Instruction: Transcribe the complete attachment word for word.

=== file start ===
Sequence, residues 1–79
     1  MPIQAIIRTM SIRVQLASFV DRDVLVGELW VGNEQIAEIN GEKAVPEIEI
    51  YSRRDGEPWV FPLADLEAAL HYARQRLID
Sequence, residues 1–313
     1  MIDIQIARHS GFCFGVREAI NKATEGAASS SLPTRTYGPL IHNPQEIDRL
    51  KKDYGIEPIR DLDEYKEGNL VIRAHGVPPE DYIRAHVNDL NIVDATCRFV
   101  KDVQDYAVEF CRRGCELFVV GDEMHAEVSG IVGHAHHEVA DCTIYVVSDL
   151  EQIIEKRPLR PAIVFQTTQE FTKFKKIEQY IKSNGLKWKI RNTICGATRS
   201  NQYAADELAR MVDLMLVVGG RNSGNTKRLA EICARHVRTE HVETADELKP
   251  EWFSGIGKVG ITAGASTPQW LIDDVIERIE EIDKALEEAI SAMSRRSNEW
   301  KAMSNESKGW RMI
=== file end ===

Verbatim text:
Sequence, residues 1–79
     1  MPIQAIIRTM SIRVQLASFV DRDVLVGELW VGNEQIAEIN GEKAVPEIEI
    51  YSRRDGEPWV FPLADLEAAL HYARQRLID
Sequence, residues 1–313
     1  MIDIQIARHS GFCFGVREAI NKATEGAASS SLPTRTYGPL IHNPQEIDRL
    51  KKDYGIEPIR DLDEYKEGNL VIRAHGVPPE DYIRAHVNDL NIVDATCRFV
   101  KDVQDYAVEF CRRGCELFVV GDEMHAEVSG IVGHAHHEVA DCTIYVVSDL
   151  EQIIEKRPLR PAIVFQTTQE FTKFKKIEQY IKSNGLKWKI RNTICGATRS
   201  NQYAADELAR MVDLMLVVGG RNSGNTKRLA EICARHVRTE HVETADELKP
   251  EWFSGIGKVG ITAGASTPQW LIDDVIERIE EIDKALEEAI SAMSRRSNEW
   301  KAMSNESKGW RMI